But after the Feb. 22 bombing of a major Shiite shrine in Samarra, north of Baghdad, enraged Shiites began fighting back — primarily members of the Mahdi Army who stormed out of Baghdad’s Sadr City Shiite slum bent on revenge. Al-Maliki is heavily dependent on al-Sadr, the militia’s benefactor, for his political survival.
    When al-Maliki became prime minister in May at the head of a nominal national unity government, he put forward a 24-point reconciliation plan that was optimistically seen as a bid to draw disaffected Sunnis into the political fold.
    But as the months passed, extreme violence blamed on the Mahdi Army and to a lesser degree on the Badr Brigade, another Shiite militia, spiraled out of control. The brutal sectarian killings brought Iraq to the edge of civil war.
    The unleashing of the militias and their death squads only compounded anger among moderate Sunnis over the prime minister’s seeming inaction on concrete moves toward national reconciliation.
    But al-Maliki’s handling of Tuesday’s mass kidnapping suggested that he has realized he can no longer ignore U.S. demands regarding the militias, now that Democrats have taken control of the U.S. Congress and with President Bush reconsidering the goals and mission of U.S. forces in Iraq.
    Al-Maliki first appeared to minimize the importance of kidnappings Tuesday, saying on television: ‘‘What is happening is not terrorism, but the result of disagreements and conflict between militias belonging to this side or that.’’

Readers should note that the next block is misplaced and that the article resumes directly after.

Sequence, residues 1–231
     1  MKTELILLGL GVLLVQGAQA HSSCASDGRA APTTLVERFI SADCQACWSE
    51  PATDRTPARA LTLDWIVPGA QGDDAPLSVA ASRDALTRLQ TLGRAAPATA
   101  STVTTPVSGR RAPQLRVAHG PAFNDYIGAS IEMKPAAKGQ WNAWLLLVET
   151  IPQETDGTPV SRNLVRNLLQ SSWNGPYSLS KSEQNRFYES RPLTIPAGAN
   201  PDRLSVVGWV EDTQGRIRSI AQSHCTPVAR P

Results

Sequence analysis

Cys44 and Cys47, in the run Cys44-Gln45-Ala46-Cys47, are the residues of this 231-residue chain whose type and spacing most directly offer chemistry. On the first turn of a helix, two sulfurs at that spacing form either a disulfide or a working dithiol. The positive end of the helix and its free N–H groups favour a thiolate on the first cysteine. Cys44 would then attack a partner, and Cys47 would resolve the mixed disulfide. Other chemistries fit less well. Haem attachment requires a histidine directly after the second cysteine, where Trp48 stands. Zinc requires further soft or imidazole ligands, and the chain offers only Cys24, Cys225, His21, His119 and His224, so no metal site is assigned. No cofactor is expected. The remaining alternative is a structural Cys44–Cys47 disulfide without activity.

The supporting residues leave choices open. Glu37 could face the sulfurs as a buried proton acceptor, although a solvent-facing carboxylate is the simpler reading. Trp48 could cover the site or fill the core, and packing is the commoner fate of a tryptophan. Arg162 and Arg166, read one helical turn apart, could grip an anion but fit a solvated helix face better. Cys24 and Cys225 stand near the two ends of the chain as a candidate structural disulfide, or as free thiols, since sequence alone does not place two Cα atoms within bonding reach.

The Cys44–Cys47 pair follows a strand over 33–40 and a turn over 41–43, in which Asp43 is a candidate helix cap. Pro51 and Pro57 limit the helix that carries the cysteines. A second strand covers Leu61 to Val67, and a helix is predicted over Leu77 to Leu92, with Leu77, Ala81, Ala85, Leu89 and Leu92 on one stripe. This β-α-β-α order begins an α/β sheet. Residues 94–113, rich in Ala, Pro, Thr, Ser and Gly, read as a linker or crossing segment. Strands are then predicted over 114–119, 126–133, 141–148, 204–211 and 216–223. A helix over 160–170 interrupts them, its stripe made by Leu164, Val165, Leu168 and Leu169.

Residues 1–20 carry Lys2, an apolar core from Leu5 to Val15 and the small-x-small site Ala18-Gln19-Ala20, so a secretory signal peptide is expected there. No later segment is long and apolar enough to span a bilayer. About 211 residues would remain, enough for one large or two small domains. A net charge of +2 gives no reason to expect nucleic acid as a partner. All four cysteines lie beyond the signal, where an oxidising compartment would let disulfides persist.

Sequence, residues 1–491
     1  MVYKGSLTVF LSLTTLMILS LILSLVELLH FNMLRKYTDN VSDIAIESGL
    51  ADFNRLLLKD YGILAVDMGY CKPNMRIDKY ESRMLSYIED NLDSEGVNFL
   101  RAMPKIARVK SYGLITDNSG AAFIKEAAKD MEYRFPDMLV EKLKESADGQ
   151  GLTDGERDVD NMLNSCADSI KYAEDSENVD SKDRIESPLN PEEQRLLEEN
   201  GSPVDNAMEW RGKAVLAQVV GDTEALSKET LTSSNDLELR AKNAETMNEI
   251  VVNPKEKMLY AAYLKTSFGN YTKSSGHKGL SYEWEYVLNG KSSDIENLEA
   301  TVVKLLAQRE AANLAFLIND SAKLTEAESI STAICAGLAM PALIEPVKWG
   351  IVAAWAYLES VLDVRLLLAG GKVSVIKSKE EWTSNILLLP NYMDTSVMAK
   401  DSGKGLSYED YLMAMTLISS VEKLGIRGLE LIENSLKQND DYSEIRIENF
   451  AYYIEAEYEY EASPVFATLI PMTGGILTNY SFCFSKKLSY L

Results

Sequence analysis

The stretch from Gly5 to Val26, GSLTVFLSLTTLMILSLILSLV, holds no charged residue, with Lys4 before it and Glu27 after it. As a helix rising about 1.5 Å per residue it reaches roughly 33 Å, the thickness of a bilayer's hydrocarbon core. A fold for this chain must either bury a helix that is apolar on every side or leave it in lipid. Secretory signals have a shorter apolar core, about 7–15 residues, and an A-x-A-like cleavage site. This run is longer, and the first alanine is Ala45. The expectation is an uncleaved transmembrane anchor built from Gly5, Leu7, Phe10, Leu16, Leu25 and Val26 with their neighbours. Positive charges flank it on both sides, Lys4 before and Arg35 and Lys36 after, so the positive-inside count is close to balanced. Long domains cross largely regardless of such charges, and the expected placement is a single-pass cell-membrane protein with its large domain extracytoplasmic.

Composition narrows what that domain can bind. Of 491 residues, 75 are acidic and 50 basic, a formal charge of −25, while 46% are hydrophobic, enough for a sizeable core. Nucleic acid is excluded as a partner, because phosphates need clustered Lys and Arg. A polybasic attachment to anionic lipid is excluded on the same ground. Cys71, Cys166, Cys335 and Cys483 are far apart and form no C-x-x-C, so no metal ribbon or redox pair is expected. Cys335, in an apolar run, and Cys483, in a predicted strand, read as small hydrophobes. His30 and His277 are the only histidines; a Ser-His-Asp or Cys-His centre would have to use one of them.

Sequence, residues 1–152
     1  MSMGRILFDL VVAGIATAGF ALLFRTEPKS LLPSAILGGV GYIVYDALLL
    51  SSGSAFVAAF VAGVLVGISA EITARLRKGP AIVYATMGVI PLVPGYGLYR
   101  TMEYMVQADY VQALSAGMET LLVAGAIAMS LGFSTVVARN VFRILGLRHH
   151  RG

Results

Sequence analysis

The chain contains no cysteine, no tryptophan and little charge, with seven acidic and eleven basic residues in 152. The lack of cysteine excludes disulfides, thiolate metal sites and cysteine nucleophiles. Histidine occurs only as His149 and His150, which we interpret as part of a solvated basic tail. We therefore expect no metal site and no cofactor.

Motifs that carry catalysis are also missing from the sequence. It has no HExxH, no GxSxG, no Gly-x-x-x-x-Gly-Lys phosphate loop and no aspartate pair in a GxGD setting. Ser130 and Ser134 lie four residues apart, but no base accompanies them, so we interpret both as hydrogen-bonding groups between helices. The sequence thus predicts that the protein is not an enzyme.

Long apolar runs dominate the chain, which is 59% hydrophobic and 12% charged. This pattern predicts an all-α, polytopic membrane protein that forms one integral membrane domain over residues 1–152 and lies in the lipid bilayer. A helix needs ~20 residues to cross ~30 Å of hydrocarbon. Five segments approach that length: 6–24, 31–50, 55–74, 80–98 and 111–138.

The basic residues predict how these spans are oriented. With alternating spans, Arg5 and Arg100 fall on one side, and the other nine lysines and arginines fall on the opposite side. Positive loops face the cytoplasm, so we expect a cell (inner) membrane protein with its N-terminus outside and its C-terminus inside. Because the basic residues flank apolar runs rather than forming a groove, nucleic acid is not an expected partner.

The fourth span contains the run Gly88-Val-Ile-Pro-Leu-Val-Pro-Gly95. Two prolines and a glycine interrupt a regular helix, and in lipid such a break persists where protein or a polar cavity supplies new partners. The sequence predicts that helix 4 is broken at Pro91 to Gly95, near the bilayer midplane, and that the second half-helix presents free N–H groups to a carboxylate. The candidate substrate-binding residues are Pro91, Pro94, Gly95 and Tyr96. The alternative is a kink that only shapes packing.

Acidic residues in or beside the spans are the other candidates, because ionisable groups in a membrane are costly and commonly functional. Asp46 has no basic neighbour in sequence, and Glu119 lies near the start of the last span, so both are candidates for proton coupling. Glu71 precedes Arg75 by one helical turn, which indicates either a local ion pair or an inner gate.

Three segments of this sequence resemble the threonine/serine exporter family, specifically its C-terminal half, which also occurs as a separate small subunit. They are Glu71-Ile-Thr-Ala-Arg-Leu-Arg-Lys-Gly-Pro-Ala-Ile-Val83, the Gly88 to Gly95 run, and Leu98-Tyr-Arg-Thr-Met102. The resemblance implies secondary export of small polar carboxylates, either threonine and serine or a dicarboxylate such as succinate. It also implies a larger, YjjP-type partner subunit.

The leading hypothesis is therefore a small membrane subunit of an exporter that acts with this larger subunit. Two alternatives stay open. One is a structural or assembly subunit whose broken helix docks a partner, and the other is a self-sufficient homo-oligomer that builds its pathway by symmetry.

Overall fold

But on Wednesday he said, ‘‘Most of the hostages were freed, but that is not enough for us. We will chase those who did this ugly criminal act.’’
    Authorities arrested six top police officers who served in the Shiite region where the kidnapping occurred and the Mahdi Army is increasingly powerful.
    Meeting with professors and students at Baghdad University to show of support for the country’s educational institutions, the prime minister said: ‘‘We regret what happened yesterday. The government’s reaction was strong.’’
    Higher Education Ministry spokesman Basil al-Khatib said 40 employees of the Higher Education Ministry, which handles academic grants and exchanges, were released Tuesday and 32 more were freed Wednesday.
    Al-Khatib said Theyab, a Sunni, had suspended his participation in the government until all the kidnap victims were released.
    Among the 105 who were killed or found dead in Iraq on Wednesday, 11 died in the deadliest single attack — a car bomb that also wounded at least 32 near a gasoline station in central Baghdad’s Bab Shargi area, police said.
    The day’s fatalities included journalists Fadia Mohammed al-Taie in Mosul and Luma al-Karkhi in Baqouba.
    At least 91 journalists have been killed in Iraq since hostilities began in March 2003, according to an Associated Press count based on statistics kept by the New York-based Committee to Protect Journalists. Also, 36 other media employees, including drivers, interpreters and guards, have been killed — all of them Iraqi except for one Lebanese.
    The U.S. military also announced the combat deaths of three U.S. Army soldiers and three U.S. Marines, raising the number of American war dead to 2,858. So far this month, 40 American service members have been killed or died in Iraq.
    The six all died Tuesday, four fighting in the insurgent stronghold of Anbar Province in western Iraq and two whose convoy was hit by a roadside bomb in Baghdad.